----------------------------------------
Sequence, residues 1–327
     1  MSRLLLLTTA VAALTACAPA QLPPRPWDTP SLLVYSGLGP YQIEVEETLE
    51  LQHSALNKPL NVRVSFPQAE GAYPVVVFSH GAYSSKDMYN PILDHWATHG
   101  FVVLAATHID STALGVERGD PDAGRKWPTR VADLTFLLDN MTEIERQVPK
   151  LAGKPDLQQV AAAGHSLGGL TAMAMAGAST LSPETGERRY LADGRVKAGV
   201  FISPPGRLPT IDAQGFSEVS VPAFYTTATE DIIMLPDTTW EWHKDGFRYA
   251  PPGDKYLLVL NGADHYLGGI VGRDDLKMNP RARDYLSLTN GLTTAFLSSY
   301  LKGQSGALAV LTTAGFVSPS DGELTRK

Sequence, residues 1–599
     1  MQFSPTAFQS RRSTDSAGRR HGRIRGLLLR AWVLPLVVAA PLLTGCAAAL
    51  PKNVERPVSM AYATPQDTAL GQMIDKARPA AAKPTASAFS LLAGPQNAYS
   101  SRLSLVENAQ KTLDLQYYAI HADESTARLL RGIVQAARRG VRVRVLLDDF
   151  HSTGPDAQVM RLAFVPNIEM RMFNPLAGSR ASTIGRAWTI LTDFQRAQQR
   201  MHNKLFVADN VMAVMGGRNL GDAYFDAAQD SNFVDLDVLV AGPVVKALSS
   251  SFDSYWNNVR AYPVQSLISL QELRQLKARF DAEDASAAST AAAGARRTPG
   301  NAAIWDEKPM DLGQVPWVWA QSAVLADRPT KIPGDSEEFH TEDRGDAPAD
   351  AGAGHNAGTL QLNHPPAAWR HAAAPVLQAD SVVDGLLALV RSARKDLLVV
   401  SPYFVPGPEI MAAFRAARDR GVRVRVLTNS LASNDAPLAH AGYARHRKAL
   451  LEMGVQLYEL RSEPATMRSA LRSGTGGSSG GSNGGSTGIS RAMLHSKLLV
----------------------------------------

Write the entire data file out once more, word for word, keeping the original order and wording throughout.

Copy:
Sequence, residues 1–327
     1  MSRLLLLTTA VAALTACAPA QLPPRPWDTP SLLVYSGLGP YQIEVEETLE
    51  LQHSALNKPL NVRVSFPQAE GAYPVVVFSH GAYSSKDMYN PILDHWATHG
   101  FVVLAATHID STALGVERGD PDAGRKWPTR VADLTFLLDN MTEIERQVPK
   151  LAGKPDLQQV AAAGHSLGGL TAMAMAGAST LSPETGERRY LADGRVKAGV
   201  FISPPGRLPT IDAQGFSEVS VPAFYTTATE DIIMLPDTTW EWHKDGFRYA
   251  PPGDKYLLVL NGADHYLGGI VGRDDLKMNP RARDYLSLTN GLTTAFLSSY
   301  LKGQSGALAV LTTAGFVSPS DGELTRK

Sequence, residues 1–599
     1  MQFSPTAFQS RRSTDSAGRR HGRIRGLLLR AWVLPLVVAA PLLTGCAAAL
    51  PKNVERPVSM AYATPQDTAL GQMIDKARPA AAKPTASAFS LLAGPQNAYS
   101  SRLSLVENAQ KTLDLQYYAI HADESTARLL RGIVQAARRG VRVRVLLDDF
   151  HSTGPDAQVM RLAFVPNIEM RMFNPLAGSR ASTIGRAWTI LTDFQRAQQR
   201  MHNKLFVADN VMAVMGGRNL GDAYFDAAQD SNFVDLDVLV AGPVVKALSS
   251  SFDSYWNNVR AYPVQSLISL QELRQLKARF DAEDASAAST AAAGARRTPG
   301  NAAIWDEKPM DLGQVPWVWA QSAVLADRPT KIPGDSEEFH TEDRGDAPAD
   351  AGAGHNAGTL QLNHPPAAWR HAAAPVLQAD SVVDGLLALV RSARKDLLVV
   401  SPYFVPGPEI MAAFRAARDR GVRVRVLTNS LASNDAPLAH AGYARHRKAL
   451  LEMGVQLYEL RSEPATMRSA LRSGTGGSSG GSNGGSTGIS RAMLHSKLLV